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    Rule 213.1: Inter County Coordination of Litigation

    The Wave of the Future in Mass Tort Litigation
    By: Leonard V. Fodera, Esquire
    (This article is the second in a continuing series discussing medical device/implant litigation and methods employed by the courts to manage this mass and complex litigation. It first appeared in The Legal Intelligencer)

    For the second time in Pennsylvania, Rule 213.1 is being used statewide in connection with medical product liability mass tort actions. The motions for both rulings, which I personally filed, have coordinated action throughout the Commonwealth in two recent cases of medical liability mass tort, first regarding breast implant litigation in Pennsylvania, and second, on the ongoing pedicle screw litigation, currently being heard before Judge Sandra Mazer Moss, at the Complex Litigation Center in the Court of Common Pleas, Philadelphia.

    Despite its successful application in these two instances, few attorneys, and even fewer common pleas judges, are aware of Rule 213.1's existence, or how it can be appropriately applied. As an attorney who has seen its application in action, I believe Rule 213.1 is an important, and under-used, procedural tool in the legal arsenal.

    Historically, Rule 213.1 dates back to July 1, 1990, when it was anticipated to be used to coordinate litigation in connection with multi-vehicle accidents. It stands to reason that if litigants live in different counties, coordinating any resulting litigation from the county in which the first suit was filed, before one judge, would be the most efficient way to handle a complex collection of cases.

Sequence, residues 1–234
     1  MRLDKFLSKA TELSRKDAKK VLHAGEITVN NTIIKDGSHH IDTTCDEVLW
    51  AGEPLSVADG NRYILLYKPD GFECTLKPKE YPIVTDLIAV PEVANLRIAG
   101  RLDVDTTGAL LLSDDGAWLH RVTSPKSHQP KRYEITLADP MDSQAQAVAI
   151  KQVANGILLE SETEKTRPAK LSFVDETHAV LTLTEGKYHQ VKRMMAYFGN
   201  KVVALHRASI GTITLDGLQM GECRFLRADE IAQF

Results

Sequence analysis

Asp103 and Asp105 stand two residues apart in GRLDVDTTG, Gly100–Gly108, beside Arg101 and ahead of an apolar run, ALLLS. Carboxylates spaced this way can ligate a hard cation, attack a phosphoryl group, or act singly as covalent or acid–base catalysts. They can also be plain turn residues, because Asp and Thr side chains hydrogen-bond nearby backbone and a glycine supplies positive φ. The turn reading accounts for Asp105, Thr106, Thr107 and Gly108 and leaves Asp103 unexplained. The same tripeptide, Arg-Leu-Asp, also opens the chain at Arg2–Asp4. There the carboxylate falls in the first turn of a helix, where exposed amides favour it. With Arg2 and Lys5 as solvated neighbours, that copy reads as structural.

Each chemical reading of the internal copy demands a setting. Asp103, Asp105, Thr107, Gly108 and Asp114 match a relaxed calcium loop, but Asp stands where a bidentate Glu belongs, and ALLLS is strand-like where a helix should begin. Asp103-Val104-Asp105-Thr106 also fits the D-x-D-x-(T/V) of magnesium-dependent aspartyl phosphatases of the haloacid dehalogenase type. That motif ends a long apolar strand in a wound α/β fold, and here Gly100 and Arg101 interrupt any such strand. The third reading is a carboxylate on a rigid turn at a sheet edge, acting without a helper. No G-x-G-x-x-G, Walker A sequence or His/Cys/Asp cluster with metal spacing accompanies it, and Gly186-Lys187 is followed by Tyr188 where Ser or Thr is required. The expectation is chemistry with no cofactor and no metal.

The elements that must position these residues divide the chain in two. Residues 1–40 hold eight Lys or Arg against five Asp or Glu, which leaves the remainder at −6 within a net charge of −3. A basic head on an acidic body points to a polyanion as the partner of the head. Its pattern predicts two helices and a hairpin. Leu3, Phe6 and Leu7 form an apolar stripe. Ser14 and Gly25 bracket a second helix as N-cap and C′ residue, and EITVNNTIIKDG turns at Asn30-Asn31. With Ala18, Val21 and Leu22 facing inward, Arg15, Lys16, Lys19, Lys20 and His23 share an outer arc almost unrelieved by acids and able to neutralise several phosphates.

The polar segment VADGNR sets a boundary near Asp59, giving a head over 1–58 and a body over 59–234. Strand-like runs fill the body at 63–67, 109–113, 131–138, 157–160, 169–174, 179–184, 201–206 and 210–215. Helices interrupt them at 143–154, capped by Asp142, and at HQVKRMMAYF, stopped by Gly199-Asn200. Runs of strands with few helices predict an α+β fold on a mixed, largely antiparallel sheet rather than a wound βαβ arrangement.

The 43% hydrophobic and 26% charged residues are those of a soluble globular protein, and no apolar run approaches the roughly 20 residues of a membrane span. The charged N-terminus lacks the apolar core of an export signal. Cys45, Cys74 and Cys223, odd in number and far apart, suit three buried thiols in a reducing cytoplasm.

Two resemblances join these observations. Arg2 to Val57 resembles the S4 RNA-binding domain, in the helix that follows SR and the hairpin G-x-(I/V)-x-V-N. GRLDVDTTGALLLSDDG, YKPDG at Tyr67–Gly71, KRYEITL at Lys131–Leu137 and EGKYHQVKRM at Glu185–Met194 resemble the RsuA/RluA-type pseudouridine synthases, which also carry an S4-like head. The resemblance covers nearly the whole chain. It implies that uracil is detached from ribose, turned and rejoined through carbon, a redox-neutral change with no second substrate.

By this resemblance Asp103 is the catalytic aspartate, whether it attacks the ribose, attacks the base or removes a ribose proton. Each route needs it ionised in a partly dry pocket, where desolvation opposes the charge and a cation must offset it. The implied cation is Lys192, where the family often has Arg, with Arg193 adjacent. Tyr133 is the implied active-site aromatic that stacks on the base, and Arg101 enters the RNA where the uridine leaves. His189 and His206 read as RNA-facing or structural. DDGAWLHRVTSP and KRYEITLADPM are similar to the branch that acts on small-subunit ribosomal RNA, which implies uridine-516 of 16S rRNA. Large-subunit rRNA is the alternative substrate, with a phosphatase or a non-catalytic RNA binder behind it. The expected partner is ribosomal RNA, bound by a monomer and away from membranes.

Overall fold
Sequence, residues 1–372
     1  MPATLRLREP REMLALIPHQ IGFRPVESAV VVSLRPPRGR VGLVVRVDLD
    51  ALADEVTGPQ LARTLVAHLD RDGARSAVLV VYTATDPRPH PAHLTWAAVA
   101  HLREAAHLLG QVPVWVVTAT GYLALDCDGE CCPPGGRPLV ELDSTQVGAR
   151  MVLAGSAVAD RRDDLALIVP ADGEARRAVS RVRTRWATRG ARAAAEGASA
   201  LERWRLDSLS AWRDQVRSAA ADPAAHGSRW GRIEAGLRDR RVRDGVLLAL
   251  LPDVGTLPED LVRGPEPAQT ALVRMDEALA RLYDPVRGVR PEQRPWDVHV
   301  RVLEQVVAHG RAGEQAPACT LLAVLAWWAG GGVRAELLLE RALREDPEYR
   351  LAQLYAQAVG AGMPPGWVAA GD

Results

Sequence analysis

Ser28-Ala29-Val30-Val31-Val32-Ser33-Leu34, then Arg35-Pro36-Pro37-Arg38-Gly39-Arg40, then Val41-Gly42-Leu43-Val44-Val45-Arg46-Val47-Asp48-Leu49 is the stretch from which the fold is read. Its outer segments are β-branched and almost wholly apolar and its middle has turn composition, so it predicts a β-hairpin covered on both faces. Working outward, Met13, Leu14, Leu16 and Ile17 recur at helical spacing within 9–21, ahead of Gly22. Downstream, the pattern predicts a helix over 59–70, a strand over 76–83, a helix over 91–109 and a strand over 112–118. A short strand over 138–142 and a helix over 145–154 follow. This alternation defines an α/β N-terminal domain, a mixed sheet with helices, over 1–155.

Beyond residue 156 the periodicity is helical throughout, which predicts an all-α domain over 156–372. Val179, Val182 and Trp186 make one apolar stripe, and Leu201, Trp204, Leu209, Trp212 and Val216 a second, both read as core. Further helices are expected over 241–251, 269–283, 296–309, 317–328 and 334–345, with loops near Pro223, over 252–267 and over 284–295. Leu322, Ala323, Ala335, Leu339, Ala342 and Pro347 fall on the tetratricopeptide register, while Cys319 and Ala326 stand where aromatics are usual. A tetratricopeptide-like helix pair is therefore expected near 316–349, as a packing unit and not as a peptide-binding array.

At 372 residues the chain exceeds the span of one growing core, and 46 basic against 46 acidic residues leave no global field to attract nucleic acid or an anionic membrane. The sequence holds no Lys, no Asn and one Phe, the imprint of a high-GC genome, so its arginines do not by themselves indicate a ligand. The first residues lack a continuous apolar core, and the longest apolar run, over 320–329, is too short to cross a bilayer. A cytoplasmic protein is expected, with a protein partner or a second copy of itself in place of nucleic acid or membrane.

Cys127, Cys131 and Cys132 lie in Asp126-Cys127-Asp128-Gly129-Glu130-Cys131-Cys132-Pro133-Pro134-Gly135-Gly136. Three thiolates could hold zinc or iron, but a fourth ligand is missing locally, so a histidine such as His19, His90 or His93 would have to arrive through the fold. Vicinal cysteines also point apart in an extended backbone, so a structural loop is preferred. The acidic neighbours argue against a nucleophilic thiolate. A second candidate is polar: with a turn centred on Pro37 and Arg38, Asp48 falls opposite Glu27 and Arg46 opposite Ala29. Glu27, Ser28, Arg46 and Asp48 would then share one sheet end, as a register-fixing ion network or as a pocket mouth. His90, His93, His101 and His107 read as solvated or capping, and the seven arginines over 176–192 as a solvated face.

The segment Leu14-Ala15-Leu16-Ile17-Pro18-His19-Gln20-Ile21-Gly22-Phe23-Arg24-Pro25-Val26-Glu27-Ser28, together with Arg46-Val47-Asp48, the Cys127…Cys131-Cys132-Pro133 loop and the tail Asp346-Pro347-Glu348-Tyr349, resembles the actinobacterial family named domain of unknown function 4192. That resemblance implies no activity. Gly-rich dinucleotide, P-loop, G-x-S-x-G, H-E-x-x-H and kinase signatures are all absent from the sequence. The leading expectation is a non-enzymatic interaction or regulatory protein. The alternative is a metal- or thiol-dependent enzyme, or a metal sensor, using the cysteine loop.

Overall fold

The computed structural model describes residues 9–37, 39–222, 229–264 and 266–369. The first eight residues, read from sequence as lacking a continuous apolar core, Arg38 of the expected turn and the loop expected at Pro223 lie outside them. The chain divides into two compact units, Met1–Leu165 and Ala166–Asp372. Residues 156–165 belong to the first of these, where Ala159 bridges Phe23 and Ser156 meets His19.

A good example of how 213.1 was applied in an accident situation was its use following Senator John Heinz's fatal helicopter crash. People and companies from multiple counties, including Luzerne, Philadelphia and Montgomery, were involved in the accident. Yet all litigation was coordinated from Montgomery County, where the first suit was filed.

    Rule 213.1's benefits as a multi-district litigation tool for mass tort were officially recognized by the Pennsylvania Supreme Court in 1992, when the Court appointed a three-judge panel, chaired by Judge Wettick of Allegheny County, to preside over all breast implant litigation in the state. From an attorney's perspective, the opportunity to litigate before the same judge or judges consistently is a benefit. Rule 213.1 is a means both to promote judicial efficiency and save judicial resources. The globalization of key depositions and expert witnesses for both the plaintiffs and defendants is an efficient, time-saving process. On a federal level, the counterpart to Rule 213.1 is the assigning of Multi-District Litigation status. If a case qualifies for MDL, the clerk of the federal MDL panel assigns it a number and an argument date, after which the attorneys involved file their positions for and against MDL status. If a panel of five to seven judges grants the litigation MDL status, the cases are assigned to one federal judge to oversee all related litigation nationwide. Historically, after the pretrial discovery and motions are completed, that judge will try the first few cases, flesh out the issues, and then send the individual cases back to the their original districts. The legal precedents, and decisions, made by the MDL coordinating judge are an important point of reference for all of the litigation that follows throughout the country.

    As we continue to move toward the global community of the 21st century where, unfortunately, mass tort litigation rises due to deregulation and the sheer volume of consumers of any one product or service, we can anticipate an upsurge in mass tort. With this upsurge will come the challenge, to both plaintiff attorneys and defense attorneys, as well as the judiciary, to ensure efficient, cost effective litigation management. In the Pennsylvania State Court System Rule 213.1 provides the vehicle, to all sides, for consistency, consolidation and an efficiency rarely seen in the legal system.

     

    This informational piece was prepared by Monheit, Silverman & Fodera. If you would like more information on this topic, call us at (800) 220-LAW1, or use the "Do I Have A Case?" button on this web site.


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